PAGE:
The Department of Health and Human Services reports that 60 per cent of girls who had sex before the age of 15 were forced to do so by a sex offender. The majority of these children became the prey of sexual offenders living near or in their very own homes. Repeat sexual offenders account for 52 per cent of all sexual offences and are categorised as Level 2 or Level 3 offenders. You need to know how to locate them when they are living near you.
Go to The National Sex Offender Registry. You can search for sexual offenders who are living near your home. Visit http://www.familywatchdog.us and type the information for your street, city or Postcode to receive the list and location of sexual offenders in your area. This is a free search tool that is updated periodically from publicly available data sources. (See Reference 2)
Ask at your local police station. Almost all of the local police stations have a list of registered sex offenders. You have a right to know who they are and where they are located. According to the U.S. Department of Justice, "Laws that restrict where registered sex offenders may live have become increasingly popular during the past decade."
Check with your school district. Schools work in collaboration with the police and often mail home announcements regarding the locations of sexual offenders within the school district.
Visit your town hall or government centre. Most of the municipal centres have a sex offender registry for public viewing. The registry will list the "level" of offence. According to the New York State Division of Criminal Justice, the levels are as follows: Level 1, low risk; Level 2, moderate or repeat offence; and Level 3, high risk of repeat offence and danger to public safety.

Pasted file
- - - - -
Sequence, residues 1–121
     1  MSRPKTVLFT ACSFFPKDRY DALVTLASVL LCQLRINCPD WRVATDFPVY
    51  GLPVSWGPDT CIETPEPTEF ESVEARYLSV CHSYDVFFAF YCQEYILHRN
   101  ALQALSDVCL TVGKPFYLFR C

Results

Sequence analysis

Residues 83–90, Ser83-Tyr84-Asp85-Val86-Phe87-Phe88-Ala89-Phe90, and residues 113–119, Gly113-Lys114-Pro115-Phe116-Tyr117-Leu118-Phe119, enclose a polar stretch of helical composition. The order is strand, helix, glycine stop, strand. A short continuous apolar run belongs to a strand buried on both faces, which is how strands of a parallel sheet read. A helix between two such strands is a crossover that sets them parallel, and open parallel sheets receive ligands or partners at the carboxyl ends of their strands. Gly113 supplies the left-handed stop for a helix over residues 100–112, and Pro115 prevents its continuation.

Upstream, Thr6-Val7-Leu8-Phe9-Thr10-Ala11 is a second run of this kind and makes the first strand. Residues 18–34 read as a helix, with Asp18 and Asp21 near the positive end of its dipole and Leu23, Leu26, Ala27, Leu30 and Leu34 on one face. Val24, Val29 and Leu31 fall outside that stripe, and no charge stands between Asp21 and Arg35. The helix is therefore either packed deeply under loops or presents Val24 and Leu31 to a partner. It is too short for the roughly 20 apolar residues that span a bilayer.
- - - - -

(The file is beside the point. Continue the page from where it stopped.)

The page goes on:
Read the local newspaper. The local news usually announces the arrival of sex offenders in the community either through parole or relocation. Stay alert and informed of local happenings with regard to these individuals.
- Use caution before trusting anyone completely and allowing them to get too close to you or your children.
- There is no defining characteristic for the sexual offender. They come in all shapes and sizes and could be young, old, married, unmarried, male or female.
- Offenders typically prey on children or people they know and not total strangers.